SPUG:Re: aliases, -> Korn Shell vs. PD-ksh

Jeremy Mates jmates at sial.org
Thu Jan 23 23:15:51 CST 2003

* Brian Hatch <spug at ifokr.org>
> Works fine for me with PD KSH 5.2.14 99/07/13.2


My test results, since folks appear to doubt the veracity of my claim
that ksh goes "wonky" with the alias definition in question.  Our first
contestant is a just-recently-installed Sun Ultra Sparc running OpenBSD
3.2-stable as of 2003-01-21.

$ uname -a
OpenBSD akira.gs.washington.edu 3.2 GENERIC#0 sparc64
@(#)PD KSH v5.2.14 99/07/13.2
$ alias cd='\cd "$@" && ls'
$ mkdir a b
$ cd nosuchdir
ls: nosuchdir: No such file or directory

Error from ls, not cd.  Funny.  Okay, I can live with that.

$ cd a
$ cd ../

Uh oh, that should have been "a b", not my home directory.

$ cd b
$ cd ../a
ls: ../a: No such file or directory
$ pwd

Does too exist, and I'm in $HOME instead of $HOME/b.

$ cd /tmp
$ cd -
ls: -: No such file or directory

Hey!  I like using -!

$ pwd
$ ls
a b
$ cd a
$ pwd

Nothing listed, and I am still in $HOME.  Close enough to "wonky" to
deserver the "strange and unexpected" label.

But wait, you say!

 .. It's OpenBSD!
    .. On a Sun Ultra Sparc!
        .. Running pdksh!
             .. in an Educational Institute!

A few blocks away is a production FreeBSD box, unaffiliated with any
Educational Institutes.  FreeBSD has a nifty ports system containing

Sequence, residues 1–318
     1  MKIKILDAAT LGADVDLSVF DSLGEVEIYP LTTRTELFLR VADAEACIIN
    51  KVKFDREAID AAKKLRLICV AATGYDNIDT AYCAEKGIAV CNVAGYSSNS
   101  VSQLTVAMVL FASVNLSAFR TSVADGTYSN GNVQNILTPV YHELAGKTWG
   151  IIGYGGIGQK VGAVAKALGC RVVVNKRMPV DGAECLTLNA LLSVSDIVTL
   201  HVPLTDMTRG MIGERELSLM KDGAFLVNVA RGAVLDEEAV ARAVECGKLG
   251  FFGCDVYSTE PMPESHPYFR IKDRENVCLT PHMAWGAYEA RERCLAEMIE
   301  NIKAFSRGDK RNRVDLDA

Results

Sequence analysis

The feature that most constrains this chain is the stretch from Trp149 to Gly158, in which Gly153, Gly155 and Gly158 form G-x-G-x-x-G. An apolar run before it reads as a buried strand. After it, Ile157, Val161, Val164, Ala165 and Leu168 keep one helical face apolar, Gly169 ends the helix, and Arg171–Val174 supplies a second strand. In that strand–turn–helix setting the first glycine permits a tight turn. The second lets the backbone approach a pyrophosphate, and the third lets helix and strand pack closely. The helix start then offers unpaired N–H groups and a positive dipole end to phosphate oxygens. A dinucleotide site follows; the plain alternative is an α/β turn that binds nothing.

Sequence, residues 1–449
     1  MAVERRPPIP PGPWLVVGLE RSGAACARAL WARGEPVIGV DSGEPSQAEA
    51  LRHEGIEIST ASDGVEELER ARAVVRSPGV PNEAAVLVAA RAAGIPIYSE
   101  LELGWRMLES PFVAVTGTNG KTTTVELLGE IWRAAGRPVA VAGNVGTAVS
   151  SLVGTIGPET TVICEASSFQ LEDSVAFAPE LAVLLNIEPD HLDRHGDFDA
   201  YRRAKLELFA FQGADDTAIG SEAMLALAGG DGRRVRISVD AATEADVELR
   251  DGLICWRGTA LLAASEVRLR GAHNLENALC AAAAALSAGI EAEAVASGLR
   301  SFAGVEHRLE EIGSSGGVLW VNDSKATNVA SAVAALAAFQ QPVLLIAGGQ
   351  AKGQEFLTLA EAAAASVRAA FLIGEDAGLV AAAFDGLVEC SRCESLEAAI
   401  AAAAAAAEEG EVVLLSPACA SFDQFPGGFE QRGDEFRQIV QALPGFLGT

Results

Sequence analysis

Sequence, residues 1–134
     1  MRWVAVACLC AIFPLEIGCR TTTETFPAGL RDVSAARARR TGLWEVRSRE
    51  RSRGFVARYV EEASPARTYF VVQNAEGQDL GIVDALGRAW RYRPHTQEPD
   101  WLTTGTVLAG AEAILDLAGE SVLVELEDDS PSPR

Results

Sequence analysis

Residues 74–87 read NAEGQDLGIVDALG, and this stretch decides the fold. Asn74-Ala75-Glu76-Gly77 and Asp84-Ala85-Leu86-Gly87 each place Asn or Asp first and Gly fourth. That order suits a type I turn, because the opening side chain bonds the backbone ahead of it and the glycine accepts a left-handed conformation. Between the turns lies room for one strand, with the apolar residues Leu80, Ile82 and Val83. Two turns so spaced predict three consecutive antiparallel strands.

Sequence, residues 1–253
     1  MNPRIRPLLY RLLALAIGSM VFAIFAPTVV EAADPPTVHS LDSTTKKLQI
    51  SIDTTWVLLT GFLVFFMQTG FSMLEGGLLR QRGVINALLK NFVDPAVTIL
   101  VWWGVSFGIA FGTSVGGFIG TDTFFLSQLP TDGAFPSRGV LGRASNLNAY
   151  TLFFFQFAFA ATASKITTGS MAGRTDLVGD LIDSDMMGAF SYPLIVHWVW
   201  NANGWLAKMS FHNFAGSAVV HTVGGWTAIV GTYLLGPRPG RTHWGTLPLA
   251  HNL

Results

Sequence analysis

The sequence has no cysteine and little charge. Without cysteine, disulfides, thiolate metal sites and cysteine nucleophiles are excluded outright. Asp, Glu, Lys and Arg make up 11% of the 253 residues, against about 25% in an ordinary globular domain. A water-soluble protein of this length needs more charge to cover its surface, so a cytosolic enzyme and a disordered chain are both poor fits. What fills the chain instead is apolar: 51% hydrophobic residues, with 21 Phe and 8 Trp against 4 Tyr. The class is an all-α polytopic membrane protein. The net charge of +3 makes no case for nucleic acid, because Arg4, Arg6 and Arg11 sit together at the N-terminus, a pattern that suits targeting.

both pdksh and ksh.  Let's install those, and see how they fare.

$ uname -a
FreeBSD darkness.sial.org 4.7-STABLE FreeBSD 4.7-STABLE #2: Sat Nov 16 10:08:05 PST 2002     root at darkness.sial.org:/usr/obj/usr/src/sys/SIAL  i386
@(#)PD KSH v5.2.14.2 99/07/13.2
$ alias cd='\cd "$@" && ls'
$ mkdir a b
$ cd a
$ pwd

Okay, it doesn't look like an OpenBSD thing: perhaps pdksh is to blame?
Let's try ksh93.


$ grep VERSION /usr/ports/shells/ksh93/Makefile 
VERSION=        2002-12-21
DISTFILES=      INIT.${VERSION}.tgz ast-ksh.${VERSION}.tgz
$ alias cd='\cd "$@" && ls'
$ cd a
$ pwd

Nope, same as pdksh.

Systrace of pdksh on OpenBSD shows ls getting called with the argument,
which might be an interesting line of research into shell oddities.  Or
maybe *ksh and *BSD are at odds?  Who knows...
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